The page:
The best electives will go quickly, so be decisive and choose your electives as early as possible. If you don’t, you will have to choose from the ‘leftovers.’ Leftover courses are those most students don’t want to take because they’re notoriously mundane or difficult. Don’t let this happen to you. Choose courses that match your interests or that are highly recommended. For advice, check out online student forums, chat with former students or current upperclassmen, and ask your academic advisor for recommendations. Most academic advisors know which electives are popular or what will work well with your schedule. Besides, choosing your courses well before the semester begins leaves plenty of time to switch to others if your interests change.

If you’re getting organized for the upcoming school year but have yet to reserve your place in Fanshawe College housing, now’s the time to book a tour of our off-campus residence. Contact us today!

Getting Off to the Best Start in Your First Year of College

There’s no doubt that your first year of college will be exciting, but moving away from home for the first time and having greater independence and a whole host of new responsibilities will probably be a little intimidating, too.

Learn how to successfully navigate the academic and social worlds of college with some useful tips that include: striving to get along with your roommate, being flexible, taking your coursework seriously, creating and following a schedule, and getting involved with student activities.

Strive to Get Along with Your Roommate

Especially in their first year, most students will live with a roommate and, often times, it’s an individual they don’t know beforehand. While some roommate pairings seem to be totally natural right from the beginning, others  take a little work to establish a friendship or at least a good system for sharing a living space.

At our off-campus Fanshawe College residence, we provide a roommate matching service that is an effective way to ensure you’re paired with other students who suit your personality and share some of your lifestyle preferences.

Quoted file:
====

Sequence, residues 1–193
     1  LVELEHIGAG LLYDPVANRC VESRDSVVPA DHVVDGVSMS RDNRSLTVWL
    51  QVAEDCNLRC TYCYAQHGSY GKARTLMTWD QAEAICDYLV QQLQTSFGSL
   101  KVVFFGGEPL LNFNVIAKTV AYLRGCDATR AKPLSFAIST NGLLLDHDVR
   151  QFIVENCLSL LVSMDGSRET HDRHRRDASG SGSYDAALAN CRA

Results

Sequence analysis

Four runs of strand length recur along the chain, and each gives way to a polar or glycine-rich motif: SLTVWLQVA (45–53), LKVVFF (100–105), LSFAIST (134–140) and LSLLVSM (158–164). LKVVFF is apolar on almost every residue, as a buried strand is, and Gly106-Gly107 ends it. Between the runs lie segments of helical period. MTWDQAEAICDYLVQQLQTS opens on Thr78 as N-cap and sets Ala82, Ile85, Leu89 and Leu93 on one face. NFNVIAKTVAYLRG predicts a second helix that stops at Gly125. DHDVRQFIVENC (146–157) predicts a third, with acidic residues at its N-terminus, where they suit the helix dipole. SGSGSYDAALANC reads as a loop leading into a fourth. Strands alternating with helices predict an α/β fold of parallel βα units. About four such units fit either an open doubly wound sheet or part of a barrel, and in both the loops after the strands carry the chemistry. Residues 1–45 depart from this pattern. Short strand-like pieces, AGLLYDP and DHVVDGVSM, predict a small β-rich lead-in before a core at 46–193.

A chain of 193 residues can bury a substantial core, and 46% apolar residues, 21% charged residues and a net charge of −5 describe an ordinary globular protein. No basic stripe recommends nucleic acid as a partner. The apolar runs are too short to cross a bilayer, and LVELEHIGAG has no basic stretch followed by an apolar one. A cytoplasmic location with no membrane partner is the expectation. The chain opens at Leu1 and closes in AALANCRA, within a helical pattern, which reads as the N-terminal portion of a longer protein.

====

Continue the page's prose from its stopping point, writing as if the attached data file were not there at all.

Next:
No matter where you choose to live, one of the easiest ways to create ‘roommate harmony’ is to establish some rules. This list should include how you want to approach sharing food or other items, study time, having guests (especially overnight guests), going to bed, and more.

Be Flexible

Being flexible can keep you open to, and ready for, change. Since post-secondary is a new adventure and a major adjustment, you will need this flexibility. Flexibility and openness will also come in handy when meeting people from different backgrounds with different values, personalities, etc. The more flexible and open you are, the easier it will be to understand, investigate, and accept these differences. Flexibility can also help you with course selection. If you’re open-minded and looking to explore new areas, you can find plenty of interesting and unique courses.

Unique activities and experiences also await students who are willing to try them. Knowing that change is inevitable can make you accepting and less anxious when it happens. Don’t panic if your interests change or if you begin to disconnect with old friends or even members of your family. It’s a part of growing up, especially as you learn new things, meet new people, travel to new places, and have new experiences.

Take Your Coursework Seriously

There are lots of opportunities for fun, but your primary goal is to learn and not to party. Learning at the collegiate level is much different than learning at the high school level. Your professor won’t hold your hand by making sure you’ve completed reading assignments, are taking notes, or will turn your assignments in on time.

Take the learning process seriously. Here’s how:

  • Take notes in a structured and efficient manner – during lectures and reading assignments

  • Get plenty of rest to ensure you’re alert during class

  • Stay as focused as possible on the professor and classroom activity

  • Engage in classroom discussions and ask questions

  • Use flashcards and other engaging shortcuts as study aids

  • Ask for help from your professor, other students and/or visit the tutoring centre or other learning centres when needed, or join a study group

  • Write a personal mission statement and stick to it

  • Study in a quiet area and visit the library often

  • Take study breaks

  • Mark your assignments and projects in your calendar

Create and Follow a Schedule

A comprehensive schedule is a must-have for all students, as they help you keep track of important tasks and assignments. You can create a schedule using your smartphone calendar, a calendar app, or a physical planner. This schedule doesn’t have to include your course schedule, but it should include:

  • Daily activities, including attending classes

  • Pertinent tasks, such as completing assignments and personal obligations

  • Your work schedule

  • Weekly and monthly academic and personal goals

  • Space for leisure activities

Follow your plan carefully and refer to it when needed. Additionally, only write your schedule in pencil or erasable ink, as this makes it easier to change some things or delete them from your plans.

Get Involved with Student Activities